Stephen Mwelase, 60, worked for four decades as a casual worker at cereal giant Kellogg’s before eventually winning permanent employment this month. But just a week later, he received a retrenchment notice.
Stamping down on the pedals of invisible machines, Mwelase reaches for boxes that aren’t there and places them on to an imaginary conveyor belt. An ever-present Courtleigh cigarette dangles from his fingers while his face curls into a wry, learned smile.
Standing in his sparsely furnished living room in KwaThema on Gauteng’s East Rand, Mwelase is expertly imitating the functions he performed for 39 years on the production line at the red-bricked Kellogg’s manufacturing plant in Springs, where the Corn Flakes that trim South African breakfast tables have been manufactured since 1948.
On August 2, Mwelase won permanent employment at the plant along with the 115 other casual workers previously employed by labour broking behemoth Adcorp Blu. Among other benefits, the change from casual to permanent employment would have resulted in an increase in his wages from R20 to R34 per hour, a 70% gain.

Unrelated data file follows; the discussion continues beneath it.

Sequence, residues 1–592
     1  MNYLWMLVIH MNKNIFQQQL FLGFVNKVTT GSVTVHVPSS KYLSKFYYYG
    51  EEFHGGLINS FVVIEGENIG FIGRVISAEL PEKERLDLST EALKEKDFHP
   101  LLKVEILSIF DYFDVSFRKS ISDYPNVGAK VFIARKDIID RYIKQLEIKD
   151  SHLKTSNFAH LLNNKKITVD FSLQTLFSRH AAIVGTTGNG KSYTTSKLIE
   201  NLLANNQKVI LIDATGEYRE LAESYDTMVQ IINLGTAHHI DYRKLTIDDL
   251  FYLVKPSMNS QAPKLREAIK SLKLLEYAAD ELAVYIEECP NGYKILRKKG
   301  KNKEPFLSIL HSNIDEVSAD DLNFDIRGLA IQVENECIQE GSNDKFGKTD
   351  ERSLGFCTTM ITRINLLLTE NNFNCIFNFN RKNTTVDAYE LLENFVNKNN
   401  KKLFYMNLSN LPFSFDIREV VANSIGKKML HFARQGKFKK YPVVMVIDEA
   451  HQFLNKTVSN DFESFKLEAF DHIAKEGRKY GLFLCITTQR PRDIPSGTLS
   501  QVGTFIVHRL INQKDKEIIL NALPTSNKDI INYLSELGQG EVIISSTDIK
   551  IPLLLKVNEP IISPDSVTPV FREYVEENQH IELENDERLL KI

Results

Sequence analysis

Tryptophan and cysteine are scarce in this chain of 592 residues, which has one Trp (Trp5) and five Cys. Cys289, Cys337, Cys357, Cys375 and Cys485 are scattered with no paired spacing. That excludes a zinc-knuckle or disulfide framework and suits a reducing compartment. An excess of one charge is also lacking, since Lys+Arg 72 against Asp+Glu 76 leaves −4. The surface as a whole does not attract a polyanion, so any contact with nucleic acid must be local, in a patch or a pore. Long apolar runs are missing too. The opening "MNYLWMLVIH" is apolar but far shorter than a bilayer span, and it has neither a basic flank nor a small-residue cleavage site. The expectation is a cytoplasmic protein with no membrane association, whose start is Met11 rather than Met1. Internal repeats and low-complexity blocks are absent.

In spite of their victory, in the form of a high court order, all 116 former casual workers were served with retrenchment notices on August 10. The notices follow a legal battle that began when Mwelase and other former Adcorp Blu workers referred a dispute for arbitration to the Benoni CCMA on 25 June.
The Assign Services judgment
At the heart of the dispute was a request that Kellogg’s begin treating the casual workers as permanent employees. Amendments to the Labour Relations Act (LRA) in 2015 guaranteed casual workers employed at a company for three months the same rights as their permanently employed peers.
The landmark Assign Services judgment, handed down by the Constitutional Court on July 26, confirmed that, after three months, casual workers are no longer the employees of labour brokers. Instead, they become the permanent employees of the client company, in Mwelase’s case, Kellogg’s.
But after being refused entry to the Kellogg’s manufacturing plant on July 2, Mwelase and the other casual workers reported to Adcorp Blu’s offices on July 6 through the back gate, as per instructions set out in an SMS seen by New Frame.
Adcorp Blu, which employs more than 60 000 workers and is one of South Africa’s largest labour brokers, informed the workers that Kellogg’s was cancelling its staffing contract with the labour broker.